Prince Sultan said Harrison was a vital part of the team that flew in the Twin Otter.

“He always told me he always felt sick in the plane but he kept flying, even though the door was open and he was hanging by a small strap,” said the prince. “We basically just went around Saudi Arabia on seven or eight-day trips.

“Roger of course published a number of things and we worked together on various ideas, and one of them was Saudi Colors. This was an initiative I supported within the Tourism Commission and it sponsored an annual event for photography and photographers.

“We sent Saudi photographers, and others, out of the country and, basically, we had an awards program that developed into making movies and videos. Ultimately the program even included expats and I wish it had continued. It showcased the great talents not only of Saudis but of expats as well.”

Talking about his passion for flying, Prince Sultan said: “It’s all about trying to live life fully. I do a lot of serious work, a lot of charity work, a lot of government work, and a lot of ministry work. After all, I live here.

“There are many people who tell me they have never seen me in a building because so much of my life is outside. In my childhood, Riyadh was much smaller and my brothers and I enjoyed horseback riding in the desert. The desert was not as far away as it is now; it was nothing but sand dunes and there was a small stable and a small villa which my father let us use.”

There were also more formal events, including visits from foreign dignitaries, but even these often had an outdoors element.

“There were a lot of beautiful dinners and I asked my father to host some visitors, such as the king of Morocco, the president of Lebanon and other people, in a big tent,” the prince said. “It was a real desert event and we rode horses and showed our falcons. We went hunting in the southern Iraqi desert north of Saudi Arabia, which is another empty quarter.

“The outdoors, for me, has always been something that I love and that is true even today. I can’t imagine life without being outdoors; I often sit outdoors and, especially in the evenings, I go to the desert.”

Prince Sultan said he developed a love of aviation when he was in America.

“I had a friend there, Joe Clarke,” he explained. “He owned a lot of airplanes and he is another fine man who has passed away. America is the country of adventure and is the most amazing place, too. I lived in Colorado and most of the time there I skied. I do hardcore skiing, and I used to go camping but not any more.”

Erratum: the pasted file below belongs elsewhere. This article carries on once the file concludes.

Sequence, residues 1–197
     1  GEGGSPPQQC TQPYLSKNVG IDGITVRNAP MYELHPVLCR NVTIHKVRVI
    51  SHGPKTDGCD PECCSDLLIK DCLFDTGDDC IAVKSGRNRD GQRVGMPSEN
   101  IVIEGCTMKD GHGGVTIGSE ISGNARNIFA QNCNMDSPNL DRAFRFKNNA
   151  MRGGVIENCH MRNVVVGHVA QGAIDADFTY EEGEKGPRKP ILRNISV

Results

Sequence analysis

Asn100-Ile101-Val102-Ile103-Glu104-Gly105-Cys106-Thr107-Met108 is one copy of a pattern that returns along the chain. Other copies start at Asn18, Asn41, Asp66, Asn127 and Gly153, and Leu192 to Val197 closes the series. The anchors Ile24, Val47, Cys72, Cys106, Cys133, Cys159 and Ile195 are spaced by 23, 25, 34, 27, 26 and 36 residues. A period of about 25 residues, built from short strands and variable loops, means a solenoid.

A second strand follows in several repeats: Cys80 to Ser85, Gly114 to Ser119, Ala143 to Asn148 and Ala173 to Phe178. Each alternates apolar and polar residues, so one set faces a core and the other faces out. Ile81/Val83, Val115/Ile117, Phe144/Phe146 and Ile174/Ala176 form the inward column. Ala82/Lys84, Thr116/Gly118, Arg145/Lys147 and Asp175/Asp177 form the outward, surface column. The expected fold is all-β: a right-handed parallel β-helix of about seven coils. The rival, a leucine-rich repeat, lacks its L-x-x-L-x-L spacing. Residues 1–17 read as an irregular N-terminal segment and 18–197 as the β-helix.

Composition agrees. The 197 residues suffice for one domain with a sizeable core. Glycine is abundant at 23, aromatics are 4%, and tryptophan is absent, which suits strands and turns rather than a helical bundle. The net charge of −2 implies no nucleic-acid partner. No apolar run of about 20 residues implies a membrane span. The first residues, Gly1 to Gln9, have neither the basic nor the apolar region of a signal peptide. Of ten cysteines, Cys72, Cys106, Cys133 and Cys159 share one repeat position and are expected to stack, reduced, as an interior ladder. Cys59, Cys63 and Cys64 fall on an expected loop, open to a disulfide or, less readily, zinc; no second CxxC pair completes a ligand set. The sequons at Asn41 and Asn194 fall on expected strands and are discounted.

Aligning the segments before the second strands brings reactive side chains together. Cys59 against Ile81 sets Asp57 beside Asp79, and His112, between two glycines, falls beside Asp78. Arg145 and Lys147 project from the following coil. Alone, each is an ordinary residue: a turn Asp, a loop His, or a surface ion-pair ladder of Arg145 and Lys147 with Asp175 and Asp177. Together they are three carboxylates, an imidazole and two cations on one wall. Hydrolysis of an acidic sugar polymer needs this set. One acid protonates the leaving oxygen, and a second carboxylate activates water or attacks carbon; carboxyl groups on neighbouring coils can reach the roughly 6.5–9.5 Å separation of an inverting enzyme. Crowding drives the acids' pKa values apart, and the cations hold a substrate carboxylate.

Now, he has other places that inspire him.

“I sometimes go to Africa now, though I don’t shoot animals; instead I use a camera,” he said. “We go in cars following the animals as they do their seasonal migrations. I have worked with National Geographic and with some of its great photographers who have published books. I took National Geographic to places they wanted to go in the Kingdom.”

Prince Sultan said the Kingdom’s heritage and traditions remain extremely important to him.

“Our national heritage became an issue for me, and I live in a mudhouse here,” he explained. “I always pay attention to traditional things and ways of living and I visit a lot of towns and villages. I still go to Taif, for its high altitude, and just last weekend I went on a beautiful high-altitude hike there.

“The flying part is the cream on the cake in terms of adventure because you see the world from a different perspective. You can always see the beauty of the universe and of our country.

“Its beauty was opened up by Saudi Colors. We saw Saudi Arabia from so many different perspectives: That of thousands of Saudis, and thousands of photographers and movie makers. A whole industry grew from that and, InshaAllah, we will recreate it. I am working on that now.”

Roger Harrison’s affection for Saudi Arabia was also clear, the prince added.

“I think Roger was, first of all, a man who loved Saudi Arabia and loved its people too,” he said. “That’s basically what fired him up to research and write all those stories. He was a man with a lot of energy and it drove him to do many things and opened many doors. I worked with him on lots of ideas; some came (to pass) and as for the others, we had been waiting for the coronavirus to go away.